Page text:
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Archive for the ‘Butchering Beef’ Category

Episode 59 – Beef Workshop

11.04.12

Pork workshop [Ep 50] went so well that there wasn’t much question about whether there would be more. This time around: beef. The kill was an old cow whose new destiny laid in Jeff Senger’s family’s freezer, while the cow we cut was a beauty of an organic cow from a local farmer. So the day: kill, skin & gut, break down into primals, cut into retail cuts, afternoon of charcuterie, followed by dinner and wine. Epic days, they are. And yes, we ate thinly sliced raw heart sandwiches for lunch.

Had lots of positive feedback about the pork butchery music track by the AwesomeHots, so this one features a shiny new track of theirs: Wayfaring Stranger. I love the vibe – really well tracked piece – and it gives this edit a somber side that made some of the gorier footage work in editing. If it’s too gory for you, blame Daniel Klein over at the Perennial Plate – he advised I go for it. Yeah, that’s a massive passing of the buck. Fact is, this is still tame relative to what goes down behind the scenes of a fast-food hamburger, say. Daniel’s work is extremely cool, btw, if you haven’t checked out his work, do. Here.

Just fyi, the trial of workshops this season was more successful than anticipated, but since my time doesn’t allow me to pursue it alone, I’ve teamed up with a bunch of rad people to start a company called Shovel and Fork. We’re essentially trying to do some good by offering folks a chance to engage with food in ways they wouldn’t normally get a crack at. These workshops will be a part of that. Should be a fun gig.

Beef Butchery Workshop 2012: The Details

10.02.12

After a successful first go at ‘Pork Butchery Workshop‘, and due to loads of demand, we’re now taking a crack at an inaugural ‘Beef Butchery Workshop‘. In case you’re wondering, I deleted the workshop page from my site because my inbox was getting inundated with inquiries. Still figuring out what to do about that exactly. In the meantime I’m posting details of coming workshops here.

Date: October 20th

Location: Sangudo Custom Meat Packers

THE GAME PLAN

8am. Kill a cow. Then, gut and skin cow, taking the necessary time to harvest and chat beef offal. Speed tour of the layout of the meat shop. We’ll then break down a side of certified organic beef and talk through your cut options with each primal. Eat some beef lunch. Spend the afternoon doing some beef charcuterie preparations, this time courtesy of chef Chad Moss. Then, we shall dine on beef and red wine. The end.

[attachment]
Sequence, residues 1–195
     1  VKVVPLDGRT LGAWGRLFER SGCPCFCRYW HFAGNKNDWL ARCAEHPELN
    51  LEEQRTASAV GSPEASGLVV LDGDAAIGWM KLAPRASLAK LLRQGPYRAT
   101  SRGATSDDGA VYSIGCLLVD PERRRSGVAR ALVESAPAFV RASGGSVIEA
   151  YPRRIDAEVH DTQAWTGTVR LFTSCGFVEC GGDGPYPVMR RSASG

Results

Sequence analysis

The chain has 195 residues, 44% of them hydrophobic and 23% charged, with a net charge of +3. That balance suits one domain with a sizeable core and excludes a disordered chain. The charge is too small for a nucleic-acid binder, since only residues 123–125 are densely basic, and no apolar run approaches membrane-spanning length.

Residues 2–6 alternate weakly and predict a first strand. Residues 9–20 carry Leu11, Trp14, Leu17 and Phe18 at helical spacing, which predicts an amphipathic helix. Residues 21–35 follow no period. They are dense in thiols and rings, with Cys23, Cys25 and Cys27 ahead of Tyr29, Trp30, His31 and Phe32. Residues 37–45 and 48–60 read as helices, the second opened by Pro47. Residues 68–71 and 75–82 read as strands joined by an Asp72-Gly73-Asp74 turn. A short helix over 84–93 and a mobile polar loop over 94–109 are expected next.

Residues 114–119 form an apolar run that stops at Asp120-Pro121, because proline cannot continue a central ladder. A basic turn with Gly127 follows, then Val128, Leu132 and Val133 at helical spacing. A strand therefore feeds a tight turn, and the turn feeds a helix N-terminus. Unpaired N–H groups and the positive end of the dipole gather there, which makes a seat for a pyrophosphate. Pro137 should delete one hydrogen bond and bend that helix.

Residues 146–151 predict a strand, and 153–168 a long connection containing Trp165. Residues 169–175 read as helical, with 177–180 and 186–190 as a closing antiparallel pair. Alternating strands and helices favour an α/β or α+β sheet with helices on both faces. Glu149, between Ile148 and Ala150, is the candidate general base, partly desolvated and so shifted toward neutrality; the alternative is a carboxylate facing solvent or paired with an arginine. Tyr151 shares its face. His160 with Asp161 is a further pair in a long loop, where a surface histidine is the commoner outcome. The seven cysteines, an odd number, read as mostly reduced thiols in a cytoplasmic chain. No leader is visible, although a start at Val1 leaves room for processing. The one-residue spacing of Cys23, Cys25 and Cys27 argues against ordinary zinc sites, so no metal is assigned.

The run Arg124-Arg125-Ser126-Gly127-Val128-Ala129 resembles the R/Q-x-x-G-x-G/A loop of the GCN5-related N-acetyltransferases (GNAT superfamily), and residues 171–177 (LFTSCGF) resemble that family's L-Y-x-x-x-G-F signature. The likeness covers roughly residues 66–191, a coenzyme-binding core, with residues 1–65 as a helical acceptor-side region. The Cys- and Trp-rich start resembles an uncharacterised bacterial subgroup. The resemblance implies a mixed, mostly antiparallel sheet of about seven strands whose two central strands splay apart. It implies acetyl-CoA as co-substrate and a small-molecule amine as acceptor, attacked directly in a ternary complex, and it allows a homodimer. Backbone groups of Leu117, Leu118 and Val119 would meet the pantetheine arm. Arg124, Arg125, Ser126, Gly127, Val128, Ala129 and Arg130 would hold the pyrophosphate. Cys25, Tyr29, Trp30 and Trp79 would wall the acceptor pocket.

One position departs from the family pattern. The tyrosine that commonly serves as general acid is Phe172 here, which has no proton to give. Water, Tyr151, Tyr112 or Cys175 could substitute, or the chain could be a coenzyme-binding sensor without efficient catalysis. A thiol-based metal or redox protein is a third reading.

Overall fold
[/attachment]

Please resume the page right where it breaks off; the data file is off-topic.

Everybody will go home with a minimum 5lb box of beef goodies – bones for stock, some fun off cuts and offal, etc.

Buy-in for this one’s higher because a head of certified organic beef costs the same as about 10 pigs in this case. That, and quite frankly the food and booze at pig day was largely donated, and we are trying to price this to be a financially sustainable endeavour. To keep costs manageable, we’re doing a price point of $250 for the whole day, meals and booze included, and you go home with the 5 lb box referred to above as a party favour. If you want in on the meat we’re cutting that day, which certainly would be a wise move, we’re going to be dividing a side into 10 equal boxes and you can take home one of those boxes [1/10 of a side of beef] for an additional $100, which is essentially at cost. So $350 w/ a meat share, $250 w/out. Up to you.

This one is a long way to selling out after a couple tweets that it’s going down, so if you want in, you’d better act quick. I’m taking registrations via email: kevinatkevinkossowan.com.

Deal will be the same as before: cash day-of. We’ll hold you to your word on you being there if you’re going to have us reserve a spot for you.

ps. a game butchery workshop is in the works too. november. elk.

Episode 28 – Bin Food

01.19.12

This is a follow up to Episode 27, the reaction to which I must pause to thank you all for. I was more than slightly apprehensive in the days just prior to shooting it, fearful that if it didn’t go well, it could reflect badly on the subjects of the story. Turns out the result has been an outpouring of praise, appreciation, and value for the transparency, respect, and approach. I’m very grateful for you all and for having a brilliant individual to interview.

This is far…lighter, although still a serious topic near and dear to me: food waste. I left that day with 60-70 lbs of off-cuts from only 1 of the 5 cows killed, and it wasn’t even all the off-cuts. 100 lbs of edible ‘waste’ from one cow might be a good rough estimate. I’ll repeat myself to death that it’s the consumer demand that drives this waste. I’ll lump myself in there. I didn’t grow up eating heart, tripe, kidneys, caul fat, oxtail, etc – so I’m still learning about all this stuff too. But I now render all my lard from our annual pig, and easily use it all up. And I thoroughly enjoy roasted pig head which I would never have considered a few years ago. Pig skin crackling makes a regular appearance in my kitchen. There’s still a lot of an animal that I could learn to use better. So in this one, you get to see me make a dish with a bin cut that quite frankly should not be.